The Model Council of the European Union debate for secondary schools which took place in City Hall in Dublin. Pictured are students from Abbey Community College in Waterford, students on left Isabelle O’ Brien and Mara Matthews, with in background from left, Maria Walsh MEP, Teacher Rebecca Buggy, H.E. Mrs Charis Christodoulidou Ambassador of Cyprus to Ireland and Barbara Nolan Head of the European Commission Representation in Ireland.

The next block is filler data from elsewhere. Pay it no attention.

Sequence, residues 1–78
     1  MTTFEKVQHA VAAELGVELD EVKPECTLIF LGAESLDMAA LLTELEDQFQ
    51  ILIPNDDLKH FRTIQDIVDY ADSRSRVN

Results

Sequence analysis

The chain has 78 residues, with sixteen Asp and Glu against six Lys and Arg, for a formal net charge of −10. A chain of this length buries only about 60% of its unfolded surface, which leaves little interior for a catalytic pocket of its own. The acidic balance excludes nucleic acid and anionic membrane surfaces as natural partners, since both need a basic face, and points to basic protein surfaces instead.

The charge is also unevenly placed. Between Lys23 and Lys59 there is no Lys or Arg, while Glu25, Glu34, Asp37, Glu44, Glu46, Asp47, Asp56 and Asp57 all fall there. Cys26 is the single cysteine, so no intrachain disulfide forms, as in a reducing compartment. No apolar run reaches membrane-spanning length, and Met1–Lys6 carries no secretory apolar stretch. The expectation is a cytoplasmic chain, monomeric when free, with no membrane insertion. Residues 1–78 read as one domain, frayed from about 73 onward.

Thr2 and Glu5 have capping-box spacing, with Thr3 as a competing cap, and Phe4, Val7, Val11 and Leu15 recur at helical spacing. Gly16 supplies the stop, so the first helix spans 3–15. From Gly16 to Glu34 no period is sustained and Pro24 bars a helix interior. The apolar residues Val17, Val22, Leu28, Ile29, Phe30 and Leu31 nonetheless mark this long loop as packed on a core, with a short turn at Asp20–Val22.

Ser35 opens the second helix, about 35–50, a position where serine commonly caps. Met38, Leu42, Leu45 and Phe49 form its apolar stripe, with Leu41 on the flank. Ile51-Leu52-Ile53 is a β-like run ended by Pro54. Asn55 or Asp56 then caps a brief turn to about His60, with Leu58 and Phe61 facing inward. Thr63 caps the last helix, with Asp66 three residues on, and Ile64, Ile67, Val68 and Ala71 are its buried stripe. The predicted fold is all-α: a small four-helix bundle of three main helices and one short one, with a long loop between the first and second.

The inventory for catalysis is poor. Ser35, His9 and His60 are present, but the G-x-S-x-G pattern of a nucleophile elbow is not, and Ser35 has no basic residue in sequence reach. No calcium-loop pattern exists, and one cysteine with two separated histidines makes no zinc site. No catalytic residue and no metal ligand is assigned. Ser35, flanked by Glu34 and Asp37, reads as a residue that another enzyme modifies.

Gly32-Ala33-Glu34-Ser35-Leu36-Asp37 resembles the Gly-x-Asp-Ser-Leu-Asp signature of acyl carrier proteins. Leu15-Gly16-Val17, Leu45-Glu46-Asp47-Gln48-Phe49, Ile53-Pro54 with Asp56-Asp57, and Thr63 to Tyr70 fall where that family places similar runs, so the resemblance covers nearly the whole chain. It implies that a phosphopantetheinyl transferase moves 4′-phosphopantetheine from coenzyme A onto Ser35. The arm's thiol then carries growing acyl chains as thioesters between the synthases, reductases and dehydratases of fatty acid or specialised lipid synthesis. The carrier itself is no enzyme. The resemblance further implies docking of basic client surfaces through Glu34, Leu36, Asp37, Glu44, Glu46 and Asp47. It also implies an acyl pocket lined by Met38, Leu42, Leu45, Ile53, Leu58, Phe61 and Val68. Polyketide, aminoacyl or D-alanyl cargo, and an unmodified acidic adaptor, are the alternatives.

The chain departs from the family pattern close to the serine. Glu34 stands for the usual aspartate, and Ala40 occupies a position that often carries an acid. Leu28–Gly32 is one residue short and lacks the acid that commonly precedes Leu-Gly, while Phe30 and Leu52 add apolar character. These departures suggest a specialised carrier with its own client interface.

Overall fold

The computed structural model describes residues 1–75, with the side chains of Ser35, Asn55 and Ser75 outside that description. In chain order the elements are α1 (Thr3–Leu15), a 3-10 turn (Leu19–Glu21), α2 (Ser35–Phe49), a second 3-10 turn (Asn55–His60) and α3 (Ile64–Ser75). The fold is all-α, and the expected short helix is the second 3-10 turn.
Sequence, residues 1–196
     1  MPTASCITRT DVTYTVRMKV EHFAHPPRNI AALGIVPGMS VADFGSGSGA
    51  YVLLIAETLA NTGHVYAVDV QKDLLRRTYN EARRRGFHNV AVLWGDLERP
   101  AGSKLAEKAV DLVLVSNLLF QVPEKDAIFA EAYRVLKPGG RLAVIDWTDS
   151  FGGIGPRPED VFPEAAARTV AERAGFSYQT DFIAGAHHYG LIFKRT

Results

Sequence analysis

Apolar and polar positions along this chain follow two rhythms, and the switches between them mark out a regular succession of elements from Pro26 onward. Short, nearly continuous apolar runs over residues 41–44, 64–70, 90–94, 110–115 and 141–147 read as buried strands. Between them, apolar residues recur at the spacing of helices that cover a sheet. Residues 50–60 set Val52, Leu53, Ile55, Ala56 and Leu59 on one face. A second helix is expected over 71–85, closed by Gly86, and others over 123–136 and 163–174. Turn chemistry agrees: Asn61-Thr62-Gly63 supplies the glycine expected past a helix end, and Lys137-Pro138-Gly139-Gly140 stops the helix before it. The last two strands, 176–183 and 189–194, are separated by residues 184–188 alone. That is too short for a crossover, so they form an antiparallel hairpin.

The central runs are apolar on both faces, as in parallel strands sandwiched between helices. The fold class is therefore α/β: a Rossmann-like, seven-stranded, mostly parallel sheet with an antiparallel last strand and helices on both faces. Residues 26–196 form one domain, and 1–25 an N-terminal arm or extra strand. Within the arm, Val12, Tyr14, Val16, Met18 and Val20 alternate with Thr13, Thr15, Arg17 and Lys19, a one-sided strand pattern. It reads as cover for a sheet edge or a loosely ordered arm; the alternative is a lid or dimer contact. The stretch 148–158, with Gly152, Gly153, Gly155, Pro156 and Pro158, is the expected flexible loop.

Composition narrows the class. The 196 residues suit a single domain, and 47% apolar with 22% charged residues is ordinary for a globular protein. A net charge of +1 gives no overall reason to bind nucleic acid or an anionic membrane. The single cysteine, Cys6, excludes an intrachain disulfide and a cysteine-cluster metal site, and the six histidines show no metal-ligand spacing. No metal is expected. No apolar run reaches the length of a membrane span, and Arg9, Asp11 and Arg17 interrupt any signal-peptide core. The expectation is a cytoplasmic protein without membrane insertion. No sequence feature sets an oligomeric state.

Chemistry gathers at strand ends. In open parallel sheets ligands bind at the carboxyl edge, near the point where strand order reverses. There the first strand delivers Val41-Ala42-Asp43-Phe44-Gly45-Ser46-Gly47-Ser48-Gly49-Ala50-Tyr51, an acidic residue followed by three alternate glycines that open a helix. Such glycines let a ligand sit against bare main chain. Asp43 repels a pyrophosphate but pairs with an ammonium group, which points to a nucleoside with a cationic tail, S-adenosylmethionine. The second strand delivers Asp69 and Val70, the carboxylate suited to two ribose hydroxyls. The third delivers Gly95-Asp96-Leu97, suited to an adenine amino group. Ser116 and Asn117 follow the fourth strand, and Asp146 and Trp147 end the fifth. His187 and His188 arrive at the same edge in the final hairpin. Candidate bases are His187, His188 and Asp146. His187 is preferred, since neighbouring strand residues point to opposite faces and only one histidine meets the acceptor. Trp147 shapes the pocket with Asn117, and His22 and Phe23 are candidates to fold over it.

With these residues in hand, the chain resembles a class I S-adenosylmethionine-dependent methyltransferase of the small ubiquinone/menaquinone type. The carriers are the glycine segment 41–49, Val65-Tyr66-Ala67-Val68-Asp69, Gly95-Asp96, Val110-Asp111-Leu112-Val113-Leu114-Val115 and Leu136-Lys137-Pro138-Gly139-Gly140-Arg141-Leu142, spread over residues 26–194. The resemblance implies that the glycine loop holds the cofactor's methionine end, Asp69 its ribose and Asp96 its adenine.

The results are in from the 2023 Model Council of the European Union debating competition. Six teams rose above 21 other secondary schools across Ireland for their convincing portrayal of the positions taken by EU Ministers for Energy while discussing how to accelerate the EU’s Renewable Energy Transition. The debate mirrors the format of a real meeting of the Council of the European Union (also known as the Council of Ministers) so students can explore how the EU decision-making process works. The Model Council has been organised by the European Commission Representation in Ireland every year since 2007. The 2023 event was held in City Hall in Dublin. Scoil Muire agus Pádraig from Mayo won first place for their representation of Poland during the debate. Second place went to Christ King Secondary School from Cork, and third place to Deansrath Community College from Dublin. Those schools role-played Slovakia and Hungary respectively. Honourable mentions were given to the following schools: Ardscoil Rís in Dublin as Croatia: Mercy Secondary School Mounthawk in Kerry as Czechia and Loreto Secondary School Kilkenny as Belgium. The event opened with an address by Maria Walsh, MEP representing Ireland Midlands-North-West constituency, who emphasised the significance of the 50th anniversary since Ireland joined the EEC. The debate itself discussed ways to increase the share of renewable energy within the EU, a challenge that has been brought into sharp focus since Russia invaded Ukraine in February 2022. The energy sector is responsible for over 75% of the EU’s greenhouse gas emissions. Therefore, increasing the share of renewable energy is a key building block in reaching the EU’s energy and climate objectives under the European Green Deal. This aims to cut greenhouse gas emissions by at least 55% by 2030 (compared to 1990 levels), and for Europe to become a climate neutral continent by 2050. Russia’s invasion of Ukraine sparked an energy crisis in Europe. In response, the Commission published the REPowerEU plan that aims to reduce the EU’s dependence on Russian fossil fuels well before 2030 by accelerating the clean energy transition. REPowerEU is based on three pillars: saving energy, producing clean energy and diversifying the EU’s energy supplies. The Commission proposes to increase the EU renewable energy target to 45% by 2030 – all this was discussed in the Model Council Debate. Significant challenges remain but a collective effort is underway, across the EU, to reach ambitious renewable energy targets. Earlier this month, the European Commission proposed to reform the EU’s electricity market to accelerate a surge in renewables and phase-out gas, to protect consumers from price spikes related to fossil fuels, and to make the EU’s industry clean and more competitive. These proposals will be discussed by the real EU Ministers for Energy in late March.